Last reviewed 5 October 2021

This year’s Zero Waste Week annual campaign gave local authorities and businesses the opportunity to encourage all of us to reduce, reuse and recycle more of our waste. Caroline Hand reflects on the Week and the impact it had.

A look back at the week

Prior to 10 September, the daily themes and challenges were a closely guarded secret but we can now look back to see how the Week progressed.

This year’s Zero Waste Week was different from previous ones, as the organisers looked to ordinary people to share their experiences, challenges and top tips on social media platforms.

Day 1

The main message coming through on Day 1 was that it’s OK to start with small steps, rather than being daunted by the achievements of “Zero Waste Heroes” who manage to get through the whole year creating only one bag of waste, or hand-crafting all of their cosmetics and cleaning products. “We don’t need a few people doing Zero Waste perfectly. We need millions of people doing Zero Waste imperfectly.”

A good way to start is to do a quick waste audit of your bin or your home, and choose just one way to reduce waste. It can be very simple, like swapping to reusable containers.

The day 1 challenge was to tell someone else the very first thing you did to reduce your waste.

Day 2

Day 2 gave people the opportunity to share their struggles and setbacks, encouraging people not to be discouraged. For example, one of the Zero Waste Week organisers had to rely on supermarket deliveries because of her health, so couldn’t eliminate packaging as she wished. The moral is simply “don’t beat yourself up, or set your sights too high. Just do what you can, when you can, and the waste reduction will come naturally, easily and without any battles with loved-ones who are not quite on board.”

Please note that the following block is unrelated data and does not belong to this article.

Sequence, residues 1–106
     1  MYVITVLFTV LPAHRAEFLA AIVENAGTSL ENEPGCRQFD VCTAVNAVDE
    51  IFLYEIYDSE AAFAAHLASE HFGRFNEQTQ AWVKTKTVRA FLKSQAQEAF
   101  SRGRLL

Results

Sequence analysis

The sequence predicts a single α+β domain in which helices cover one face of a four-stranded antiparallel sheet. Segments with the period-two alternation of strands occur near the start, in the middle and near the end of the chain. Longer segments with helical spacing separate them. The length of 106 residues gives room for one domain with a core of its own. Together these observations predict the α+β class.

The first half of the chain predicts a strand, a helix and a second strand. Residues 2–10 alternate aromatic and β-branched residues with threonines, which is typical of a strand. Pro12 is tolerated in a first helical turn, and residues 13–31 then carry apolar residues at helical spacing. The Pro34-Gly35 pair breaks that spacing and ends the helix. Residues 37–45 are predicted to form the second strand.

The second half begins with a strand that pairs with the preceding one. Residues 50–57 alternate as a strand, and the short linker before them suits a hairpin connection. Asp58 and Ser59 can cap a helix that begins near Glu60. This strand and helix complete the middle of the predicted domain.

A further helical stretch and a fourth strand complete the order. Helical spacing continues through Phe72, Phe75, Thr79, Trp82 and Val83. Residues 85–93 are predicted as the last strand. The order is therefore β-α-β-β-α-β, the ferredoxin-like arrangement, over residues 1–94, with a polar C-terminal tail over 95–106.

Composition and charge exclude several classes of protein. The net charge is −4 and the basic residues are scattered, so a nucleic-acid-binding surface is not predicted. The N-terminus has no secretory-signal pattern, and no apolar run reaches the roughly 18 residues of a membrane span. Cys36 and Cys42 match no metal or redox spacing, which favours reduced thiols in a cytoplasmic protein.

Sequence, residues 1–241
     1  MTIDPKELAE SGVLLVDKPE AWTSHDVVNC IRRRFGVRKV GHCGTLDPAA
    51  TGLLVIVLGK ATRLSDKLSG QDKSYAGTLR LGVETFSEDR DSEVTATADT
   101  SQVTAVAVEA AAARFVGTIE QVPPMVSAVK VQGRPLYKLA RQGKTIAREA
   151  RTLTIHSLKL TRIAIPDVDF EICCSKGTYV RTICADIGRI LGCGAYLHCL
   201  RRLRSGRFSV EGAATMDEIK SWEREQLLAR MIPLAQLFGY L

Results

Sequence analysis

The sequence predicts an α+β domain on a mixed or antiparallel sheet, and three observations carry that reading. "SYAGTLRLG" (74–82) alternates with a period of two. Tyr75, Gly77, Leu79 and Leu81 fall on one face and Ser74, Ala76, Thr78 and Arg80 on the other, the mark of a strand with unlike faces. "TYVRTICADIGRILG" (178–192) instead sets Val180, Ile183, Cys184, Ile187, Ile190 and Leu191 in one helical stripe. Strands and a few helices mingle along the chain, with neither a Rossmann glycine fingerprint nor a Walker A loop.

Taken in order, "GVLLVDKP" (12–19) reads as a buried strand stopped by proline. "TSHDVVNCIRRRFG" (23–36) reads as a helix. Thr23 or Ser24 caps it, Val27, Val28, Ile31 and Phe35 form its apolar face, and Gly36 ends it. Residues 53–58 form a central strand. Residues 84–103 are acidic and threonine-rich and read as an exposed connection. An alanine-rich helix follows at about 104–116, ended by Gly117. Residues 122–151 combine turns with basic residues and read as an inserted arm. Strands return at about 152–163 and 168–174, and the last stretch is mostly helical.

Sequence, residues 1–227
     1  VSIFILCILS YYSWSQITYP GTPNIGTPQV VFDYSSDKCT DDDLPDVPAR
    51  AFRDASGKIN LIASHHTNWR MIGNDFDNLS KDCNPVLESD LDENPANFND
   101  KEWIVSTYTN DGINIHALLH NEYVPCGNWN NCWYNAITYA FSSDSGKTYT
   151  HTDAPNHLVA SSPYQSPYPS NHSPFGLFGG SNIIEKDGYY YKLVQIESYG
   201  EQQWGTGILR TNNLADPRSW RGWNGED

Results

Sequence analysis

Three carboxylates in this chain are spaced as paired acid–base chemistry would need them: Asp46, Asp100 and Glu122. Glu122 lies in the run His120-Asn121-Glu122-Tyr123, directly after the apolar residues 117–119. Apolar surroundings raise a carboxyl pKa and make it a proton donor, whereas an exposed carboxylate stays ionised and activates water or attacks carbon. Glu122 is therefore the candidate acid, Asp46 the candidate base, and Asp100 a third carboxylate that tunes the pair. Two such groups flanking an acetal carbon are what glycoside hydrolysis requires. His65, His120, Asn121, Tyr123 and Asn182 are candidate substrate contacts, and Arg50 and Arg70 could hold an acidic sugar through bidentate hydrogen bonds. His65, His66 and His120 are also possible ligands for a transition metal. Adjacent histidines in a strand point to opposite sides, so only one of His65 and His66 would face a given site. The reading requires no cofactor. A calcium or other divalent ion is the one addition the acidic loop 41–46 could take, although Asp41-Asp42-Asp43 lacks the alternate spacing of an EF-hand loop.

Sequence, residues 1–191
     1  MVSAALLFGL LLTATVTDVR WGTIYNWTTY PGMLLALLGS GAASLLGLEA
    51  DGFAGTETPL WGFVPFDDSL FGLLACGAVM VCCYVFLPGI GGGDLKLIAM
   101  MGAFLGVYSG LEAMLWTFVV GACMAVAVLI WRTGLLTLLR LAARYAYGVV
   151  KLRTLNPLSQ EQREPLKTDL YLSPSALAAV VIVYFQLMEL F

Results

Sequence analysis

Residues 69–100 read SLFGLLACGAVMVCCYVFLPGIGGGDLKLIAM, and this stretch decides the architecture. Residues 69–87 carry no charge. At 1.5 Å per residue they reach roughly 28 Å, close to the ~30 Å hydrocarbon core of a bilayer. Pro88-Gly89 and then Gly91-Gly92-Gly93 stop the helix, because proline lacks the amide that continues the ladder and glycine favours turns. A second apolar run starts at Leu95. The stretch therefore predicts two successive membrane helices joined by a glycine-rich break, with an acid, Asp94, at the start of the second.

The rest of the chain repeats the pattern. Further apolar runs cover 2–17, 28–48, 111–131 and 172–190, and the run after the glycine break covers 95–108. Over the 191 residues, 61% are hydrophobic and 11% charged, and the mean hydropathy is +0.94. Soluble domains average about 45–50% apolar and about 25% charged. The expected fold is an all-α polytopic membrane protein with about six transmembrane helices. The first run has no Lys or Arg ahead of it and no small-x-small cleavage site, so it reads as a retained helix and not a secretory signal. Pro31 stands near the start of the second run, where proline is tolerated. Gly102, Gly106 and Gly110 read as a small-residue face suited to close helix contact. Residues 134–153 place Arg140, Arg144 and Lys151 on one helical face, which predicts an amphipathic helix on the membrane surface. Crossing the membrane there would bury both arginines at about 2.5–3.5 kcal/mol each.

People were challenged to share their struggles and offer solutions to others.

Day 3

This was all about the funny side of waste reduction! People shared stories of disasters which they could laugh about in retrospect, like Zoe’s homemade toilet cleaner which ate through the pipes. The day’s challenge was to pick up three pieces of litter, because “whilst it is funny, and also hopefully inspiring – in a cautionary tale kind of way – to read about the Zero Waste Disasters, the biggest waste disaster is the constant leaking of packaging, plastics and litter into the environment.”

Day 4

On day 4, Zero Waste Heroes and Ambassadors recommended their favourite books, documentaries, facebook pages and podcasts on waste, and its environmental impact. Their can be found on the Zero Waste Week website at

The day’s challenge was to look at just one of these, and find one thing you can do to reduce your own waste.

Day 5

The Week ended with a chance to share top tips, aimed very much at householder’s new to waste reduction.

What was the impact?

Organiser Rachelle Strauss stated that “we were wondering whether everyone would be thinking about Covid and Brexit too much to take part in this year’s Zero Waste Week. However, it turned out that people really wanted this week to happen!”

Lots of big organisations and groups shared the Zero Waste Week message with their followers. Fortnum and Mason encouraged their users to use reusable water bottles, Friends of the Earth shared tips about reducing packaging, British vets shared advice for veterinary surgeries wanting to be more sustainable, and the Royal Society of Chemistry explored tech consumption and asked whether we could avoid plastic water and preserve precious elements by holding on to our smartphones or laptops for longer.

Rachelle also reported that “people are definitely talking about how and why we need to reduce waste” and looks forward to the day when Zero Waste shopping is normal life; buying less but better is what most people do; and industry fully embraces the circular economy.